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Legislative leaders raise labor cost concerns

Published on NewsOK Modified: February 28, 2013 at 2:37 pm •  Published: February 28, 2013

JUNEAU, Alaska (AP) — Alaska legislative leaders are urging Gov. Sean Parnell to negotiate no raises in union labor contracts amid concerns about state budget costs.

Senate President Charlie Huggins, House Speaker Mike Chenault and the leaders of the House and Senate Finance committees signed the letter. It comes as the administration is involved in negotiations affecting nearly two-thirds of the state workforce.

The lawmakers said in the letter they will consider the private sector, the state's ability to pay, and the best interests of all Alaskans as they prepare to vote on the contracts and write the budgets that will be affected by them.

They asked Parnell to convey to the state's employees that they value their service.

"However, in this fiscal environment we are concerned that increases in wages and benefits may necessarily squeeze budgets and put employees' jobs at risk," says the letter, dated Feb. 18. "The loss of any job, public or private, is a tragedy. For this reason, we encourage you to hold the monetary terms of the contracts at zero."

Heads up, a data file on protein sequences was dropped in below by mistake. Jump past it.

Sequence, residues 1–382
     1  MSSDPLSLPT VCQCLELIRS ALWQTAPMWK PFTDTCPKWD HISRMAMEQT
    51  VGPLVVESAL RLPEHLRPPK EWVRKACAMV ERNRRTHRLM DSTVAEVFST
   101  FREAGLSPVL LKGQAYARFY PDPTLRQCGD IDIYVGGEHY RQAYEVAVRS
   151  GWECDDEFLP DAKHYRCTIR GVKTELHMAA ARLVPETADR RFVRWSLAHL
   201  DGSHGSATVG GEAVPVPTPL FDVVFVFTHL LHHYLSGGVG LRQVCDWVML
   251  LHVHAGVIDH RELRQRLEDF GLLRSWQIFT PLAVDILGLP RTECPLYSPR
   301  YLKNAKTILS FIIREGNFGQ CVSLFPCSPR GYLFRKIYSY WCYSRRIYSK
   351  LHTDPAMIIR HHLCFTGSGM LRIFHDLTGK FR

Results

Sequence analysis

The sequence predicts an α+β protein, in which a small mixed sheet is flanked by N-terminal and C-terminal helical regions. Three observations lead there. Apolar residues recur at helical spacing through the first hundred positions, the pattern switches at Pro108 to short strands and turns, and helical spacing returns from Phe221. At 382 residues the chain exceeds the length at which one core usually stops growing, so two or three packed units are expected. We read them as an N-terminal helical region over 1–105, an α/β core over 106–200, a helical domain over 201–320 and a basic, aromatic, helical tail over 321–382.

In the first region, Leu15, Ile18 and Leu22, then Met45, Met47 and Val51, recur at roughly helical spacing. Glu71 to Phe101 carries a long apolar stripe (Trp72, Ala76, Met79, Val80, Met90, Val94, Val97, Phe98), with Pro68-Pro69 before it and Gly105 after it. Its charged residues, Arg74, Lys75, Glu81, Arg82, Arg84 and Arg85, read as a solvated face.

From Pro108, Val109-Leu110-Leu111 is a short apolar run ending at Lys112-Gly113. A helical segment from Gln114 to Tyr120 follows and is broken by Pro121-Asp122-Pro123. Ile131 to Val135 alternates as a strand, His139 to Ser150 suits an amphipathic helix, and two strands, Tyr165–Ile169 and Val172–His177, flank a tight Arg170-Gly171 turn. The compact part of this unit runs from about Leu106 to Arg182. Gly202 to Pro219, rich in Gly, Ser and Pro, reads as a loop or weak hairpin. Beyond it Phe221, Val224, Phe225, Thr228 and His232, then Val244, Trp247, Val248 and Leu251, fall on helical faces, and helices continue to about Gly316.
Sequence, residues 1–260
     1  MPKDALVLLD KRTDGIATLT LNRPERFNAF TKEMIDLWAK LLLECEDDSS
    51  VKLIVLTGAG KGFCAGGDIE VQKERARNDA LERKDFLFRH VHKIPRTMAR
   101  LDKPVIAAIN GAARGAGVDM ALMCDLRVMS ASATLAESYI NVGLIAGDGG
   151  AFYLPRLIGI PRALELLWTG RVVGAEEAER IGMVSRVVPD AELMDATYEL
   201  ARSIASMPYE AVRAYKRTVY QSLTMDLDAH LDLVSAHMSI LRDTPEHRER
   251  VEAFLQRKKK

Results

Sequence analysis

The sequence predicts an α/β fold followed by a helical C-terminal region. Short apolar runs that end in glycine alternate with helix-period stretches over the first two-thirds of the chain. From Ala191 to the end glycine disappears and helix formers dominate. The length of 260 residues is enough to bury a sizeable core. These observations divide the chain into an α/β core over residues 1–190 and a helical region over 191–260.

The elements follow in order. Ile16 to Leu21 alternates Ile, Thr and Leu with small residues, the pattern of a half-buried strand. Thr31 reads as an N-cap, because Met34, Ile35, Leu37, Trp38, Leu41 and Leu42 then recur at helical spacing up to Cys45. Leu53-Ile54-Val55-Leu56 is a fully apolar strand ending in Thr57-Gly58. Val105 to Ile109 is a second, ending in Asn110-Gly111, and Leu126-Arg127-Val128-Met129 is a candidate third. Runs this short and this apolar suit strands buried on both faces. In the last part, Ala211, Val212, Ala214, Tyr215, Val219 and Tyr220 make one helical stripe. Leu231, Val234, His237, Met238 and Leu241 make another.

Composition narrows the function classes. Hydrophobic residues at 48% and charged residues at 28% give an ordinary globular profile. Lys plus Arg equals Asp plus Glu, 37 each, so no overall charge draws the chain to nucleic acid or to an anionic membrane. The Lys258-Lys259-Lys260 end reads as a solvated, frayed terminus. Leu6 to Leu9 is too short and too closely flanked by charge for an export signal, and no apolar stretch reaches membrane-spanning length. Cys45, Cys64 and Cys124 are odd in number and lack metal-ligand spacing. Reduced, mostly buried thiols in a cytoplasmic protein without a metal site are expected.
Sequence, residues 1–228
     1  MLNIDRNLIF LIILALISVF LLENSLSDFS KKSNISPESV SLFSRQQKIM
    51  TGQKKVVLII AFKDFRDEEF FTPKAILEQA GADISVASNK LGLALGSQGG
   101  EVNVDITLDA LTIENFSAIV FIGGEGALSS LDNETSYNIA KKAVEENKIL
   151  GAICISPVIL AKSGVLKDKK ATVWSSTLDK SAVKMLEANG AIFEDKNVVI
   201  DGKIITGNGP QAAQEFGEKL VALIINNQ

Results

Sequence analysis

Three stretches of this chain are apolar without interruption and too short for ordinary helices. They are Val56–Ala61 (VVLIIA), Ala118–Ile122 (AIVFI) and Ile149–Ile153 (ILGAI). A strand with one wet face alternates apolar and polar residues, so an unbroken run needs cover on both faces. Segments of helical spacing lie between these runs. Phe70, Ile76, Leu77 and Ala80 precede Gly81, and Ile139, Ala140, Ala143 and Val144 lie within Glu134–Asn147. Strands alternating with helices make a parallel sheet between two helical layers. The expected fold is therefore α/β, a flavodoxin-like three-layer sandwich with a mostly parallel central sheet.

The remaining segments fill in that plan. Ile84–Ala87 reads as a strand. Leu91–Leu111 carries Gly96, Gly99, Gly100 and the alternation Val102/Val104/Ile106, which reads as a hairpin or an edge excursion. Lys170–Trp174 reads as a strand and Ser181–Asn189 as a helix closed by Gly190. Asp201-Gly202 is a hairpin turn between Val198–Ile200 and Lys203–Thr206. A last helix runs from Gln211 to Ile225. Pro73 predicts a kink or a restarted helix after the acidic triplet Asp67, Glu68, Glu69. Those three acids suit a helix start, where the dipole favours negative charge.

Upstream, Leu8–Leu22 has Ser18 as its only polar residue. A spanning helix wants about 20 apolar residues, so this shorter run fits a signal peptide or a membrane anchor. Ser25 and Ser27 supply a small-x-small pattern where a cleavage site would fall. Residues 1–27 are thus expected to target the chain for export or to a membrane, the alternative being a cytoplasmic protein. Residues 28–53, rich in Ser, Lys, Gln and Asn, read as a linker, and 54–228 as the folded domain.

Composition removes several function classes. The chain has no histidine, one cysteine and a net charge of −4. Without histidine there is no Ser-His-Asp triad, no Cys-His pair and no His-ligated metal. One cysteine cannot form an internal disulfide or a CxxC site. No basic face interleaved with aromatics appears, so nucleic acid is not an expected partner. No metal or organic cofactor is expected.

Even if oil prices remain high, the state likely will still be forced into deficit spending — "even under a disciplined budget plan," the lawmakers noted. And overshadowing all long-term budget issues is an unfunded state pension liability estimated at about $11 billion, they said.

The lawmakers said they appreciate the value of Alaska's public employees but must balance the input from other constituents, who say wages, benefits and other terms of state employment "are often quite generous compared to their counterparts in the private sector."

The contracts will be considered in the context of "our duty to provide education, infrastructure, public safety and some level of health care," the lawmakers wrote.

The governor and legislative leaders have discussed the need for fiscal restraint amid declining oil production. The state relies heavily on oil, but higher prices in recent years have helped mask the decline's effect. The finance committees, which deal with the state operating and capital budgets, have heard presentations from the administration on labor costs as part of their deliberations.

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